Kenton, I agree with your take on pesticides and fertilizer runoff being a problem but not in this case. Muskrats like every other living creatures wants to make it's living as easy as possible. With this in mind all the housing developments, businesses, etc... that have been built and being built are contributing to the muskrat loss in what we would like to think of as the wild. Whenever a housing development goes up or a large business they must create detention and retention ponds which attract them for one because it's easy living for them and another readily available food. It has little to do with habitat loss or disease and more to do with the "American Dream" lets face it these rodents made like George Jefferson and left the hard life of the wild. If you want to trap or see these little rodents look no further than out your front door whether it be at your place of employment or your neighborhood retention pond!

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        • #5
          If there is a good supply of cattails and no muskrats you have a problem. If the stream or ditch is relatively clean and without cattails, the rats are not going to be in that habitat. Do a plant inventory before blaming anything else.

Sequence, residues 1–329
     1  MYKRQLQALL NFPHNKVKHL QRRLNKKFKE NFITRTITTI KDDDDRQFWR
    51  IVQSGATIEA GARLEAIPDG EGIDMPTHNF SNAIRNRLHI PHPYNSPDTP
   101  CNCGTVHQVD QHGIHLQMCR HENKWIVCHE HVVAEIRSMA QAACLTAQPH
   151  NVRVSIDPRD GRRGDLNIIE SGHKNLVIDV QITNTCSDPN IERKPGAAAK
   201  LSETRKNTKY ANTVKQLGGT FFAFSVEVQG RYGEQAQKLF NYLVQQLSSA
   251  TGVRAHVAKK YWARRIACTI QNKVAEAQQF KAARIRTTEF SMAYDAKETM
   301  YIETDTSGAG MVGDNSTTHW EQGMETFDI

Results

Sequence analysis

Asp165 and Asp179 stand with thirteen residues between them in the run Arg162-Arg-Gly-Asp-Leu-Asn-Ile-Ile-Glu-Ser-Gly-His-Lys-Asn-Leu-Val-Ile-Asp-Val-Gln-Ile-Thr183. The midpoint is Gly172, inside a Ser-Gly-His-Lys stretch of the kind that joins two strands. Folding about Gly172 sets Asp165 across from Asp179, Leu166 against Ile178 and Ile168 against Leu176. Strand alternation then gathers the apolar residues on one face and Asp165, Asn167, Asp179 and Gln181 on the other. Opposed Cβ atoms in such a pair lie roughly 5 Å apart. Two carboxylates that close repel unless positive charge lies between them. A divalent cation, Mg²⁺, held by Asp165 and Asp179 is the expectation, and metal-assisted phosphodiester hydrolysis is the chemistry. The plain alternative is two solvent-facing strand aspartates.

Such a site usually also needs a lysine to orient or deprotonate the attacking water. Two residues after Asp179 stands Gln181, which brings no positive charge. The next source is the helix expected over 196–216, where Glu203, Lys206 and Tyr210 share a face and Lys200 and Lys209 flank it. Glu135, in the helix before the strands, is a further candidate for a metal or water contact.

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          • #6
            I agree with labrador12. Habitat may be the cause. Muskrats prefer the sanctuary of big ponds with abundant food supply and open water for protection. They inhabit smaller creeks, streams and ditches during tough times but if you have lots of rainfall and larger swamps are full of cat tails, they will head for them.

            If the population of muskrats is down across all habitat, then you might have a problem. I've always noticed that muskrat population goes up and down in direct proportion to good habitat. I've had times when I could take 1,500 muskrats a week off of big swamps and couldn't find one on a smaller stream or creek.

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            • #7
              Ah dunno, exactly.

              Butt there's not as many here as there youstaby.

              www.fieldandstream.com/photos/trophyroom/recent/single?pnid=1001500492#1001500492

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              • #8